In the case, Morris v. Ernst & Young, LLP, Ernst & Young required employees to sign employment contracts containing a “concert action waiver” which forced workers to arbitrate their claims against the company individually. The United States District Court for the Northern District of California previously ordered the claims to be arbitrated individually pursuant to their agreement. Shortly after, the plaintiffs’ filed an appeal with the U.S. Court of Appeals for the Ninth Circuit claiming their right to engage in “concerted activities for the purpose of collective bargaining and other mutual aid or protection” had been violated.
On August 22, 2016, the Ninth Circuit held that the clause was unenforceable due to employee rights. The Court’s verdict came from the National Labor Relations Act (“NLRA”), in which Section 7 states that employees have “the right to engage in concerted activity to address workplace grievances, through litigation or otherwise.” The Court based its decision on the fact that the NLRA was enacted to grant employees the right to seek improvement of their working conditions, which includes a “lawsuit filed in good faith by a group of employees.” The Court also stated that the ban on “concerted legal action” itself was a second violation, also an unfair legal practice under the NLRA. The Ninth Circuit also remained consistent with the Seventh Circuit’s decision in Lewis v. Epic Systems Corp. stating that “[a] contract that limits Section 7 rights that is agreed to as a condition of continued employment qualifies as ‘interfer[ing] with’ or ‘restrain[ing]…employees in the exercise’ of those rights in violation of Section 8(a)(1)” (823 F.3d 1147, 1155 (7th Cir. 2016).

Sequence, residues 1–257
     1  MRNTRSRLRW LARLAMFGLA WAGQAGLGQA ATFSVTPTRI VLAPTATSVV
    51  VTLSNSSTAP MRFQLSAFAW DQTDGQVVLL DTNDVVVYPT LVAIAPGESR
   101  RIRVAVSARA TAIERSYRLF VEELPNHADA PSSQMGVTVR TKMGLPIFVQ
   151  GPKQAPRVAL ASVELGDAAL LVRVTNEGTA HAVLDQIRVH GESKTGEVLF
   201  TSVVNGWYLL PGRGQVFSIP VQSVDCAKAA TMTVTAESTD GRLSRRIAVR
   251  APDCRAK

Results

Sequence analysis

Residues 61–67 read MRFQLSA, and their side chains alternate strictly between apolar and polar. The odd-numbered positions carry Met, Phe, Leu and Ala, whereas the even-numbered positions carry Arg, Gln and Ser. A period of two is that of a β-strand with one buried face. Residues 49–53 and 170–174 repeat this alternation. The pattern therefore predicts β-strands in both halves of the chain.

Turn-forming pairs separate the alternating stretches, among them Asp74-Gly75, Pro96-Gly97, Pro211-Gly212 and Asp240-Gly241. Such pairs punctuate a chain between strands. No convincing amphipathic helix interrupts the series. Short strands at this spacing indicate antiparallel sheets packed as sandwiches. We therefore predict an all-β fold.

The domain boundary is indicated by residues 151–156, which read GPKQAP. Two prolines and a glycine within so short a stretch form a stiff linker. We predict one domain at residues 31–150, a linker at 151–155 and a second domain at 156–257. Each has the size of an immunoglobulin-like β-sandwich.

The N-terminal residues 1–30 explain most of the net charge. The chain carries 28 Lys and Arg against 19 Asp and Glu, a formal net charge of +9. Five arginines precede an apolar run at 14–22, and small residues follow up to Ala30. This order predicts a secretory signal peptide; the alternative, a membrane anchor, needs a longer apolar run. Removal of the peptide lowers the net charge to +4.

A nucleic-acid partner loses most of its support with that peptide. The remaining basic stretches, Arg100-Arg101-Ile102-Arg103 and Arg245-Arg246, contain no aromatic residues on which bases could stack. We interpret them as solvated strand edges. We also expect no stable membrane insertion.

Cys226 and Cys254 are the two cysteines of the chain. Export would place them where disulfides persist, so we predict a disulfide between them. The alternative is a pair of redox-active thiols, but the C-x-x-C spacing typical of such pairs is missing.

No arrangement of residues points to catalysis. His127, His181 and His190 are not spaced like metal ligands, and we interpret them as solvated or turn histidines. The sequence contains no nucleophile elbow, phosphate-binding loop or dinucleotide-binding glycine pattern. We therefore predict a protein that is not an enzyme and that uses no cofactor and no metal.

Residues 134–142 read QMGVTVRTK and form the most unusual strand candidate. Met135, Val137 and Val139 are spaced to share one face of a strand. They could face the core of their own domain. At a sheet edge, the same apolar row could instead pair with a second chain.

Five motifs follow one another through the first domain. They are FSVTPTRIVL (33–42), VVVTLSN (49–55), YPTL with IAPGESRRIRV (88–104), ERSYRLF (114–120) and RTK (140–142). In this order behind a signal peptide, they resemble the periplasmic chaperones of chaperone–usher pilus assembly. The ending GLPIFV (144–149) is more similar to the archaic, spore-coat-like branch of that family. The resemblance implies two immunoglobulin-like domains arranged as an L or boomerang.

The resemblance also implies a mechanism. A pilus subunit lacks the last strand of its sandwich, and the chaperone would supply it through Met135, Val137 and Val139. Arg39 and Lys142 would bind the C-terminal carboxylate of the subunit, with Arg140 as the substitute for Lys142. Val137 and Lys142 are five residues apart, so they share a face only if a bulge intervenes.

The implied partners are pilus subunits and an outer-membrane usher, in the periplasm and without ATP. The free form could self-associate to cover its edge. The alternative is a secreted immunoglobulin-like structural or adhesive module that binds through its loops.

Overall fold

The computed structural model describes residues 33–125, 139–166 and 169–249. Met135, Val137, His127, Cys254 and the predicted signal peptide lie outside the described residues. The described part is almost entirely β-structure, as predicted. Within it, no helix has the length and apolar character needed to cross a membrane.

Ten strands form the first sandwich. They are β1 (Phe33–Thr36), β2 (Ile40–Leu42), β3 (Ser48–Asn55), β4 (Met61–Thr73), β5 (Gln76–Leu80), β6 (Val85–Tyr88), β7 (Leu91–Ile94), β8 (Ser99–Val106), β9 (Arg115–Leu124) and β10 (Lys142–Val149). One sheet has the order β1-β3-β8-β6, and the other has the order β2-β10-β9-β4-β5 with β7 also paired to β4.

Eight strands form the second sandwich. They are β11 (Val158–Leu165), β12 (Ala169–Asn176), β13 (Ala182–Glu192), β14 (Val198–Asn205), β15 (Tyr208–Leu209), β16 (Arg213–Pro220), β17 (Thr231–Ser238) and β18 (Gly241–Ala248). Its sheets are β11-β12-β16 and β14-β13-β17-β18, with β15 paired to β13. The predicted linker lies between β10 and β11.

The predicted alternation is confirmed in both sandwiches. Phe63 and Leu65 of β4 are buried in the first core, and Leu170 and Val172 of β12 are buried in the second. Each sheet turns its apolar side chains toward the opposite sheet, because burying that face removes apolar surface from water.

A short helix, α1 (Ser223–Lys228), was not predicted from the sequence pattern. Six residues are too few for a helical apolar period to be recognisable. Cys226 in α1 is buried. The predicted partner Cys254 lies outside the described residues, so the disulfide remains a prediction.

Even with this ruling, the enforceability of such class action waivers remains unclear. Along with this decision, may be an emerging split amongst Circuit Courts. Some, including the Second, Fifth, Eighth, and Eleventh Circuits, have rejected the reasoning from the Morris decision claiming that “arbitration agreements containing class waivers are enforceable.” Due to the disagreements regarding the enforceability of class waivers, the end-result will have to be resolved by the Supreme Court. But stay tuned as this could get even more interesting, depending on who fills Justice Scalia’s vacancy on the Court.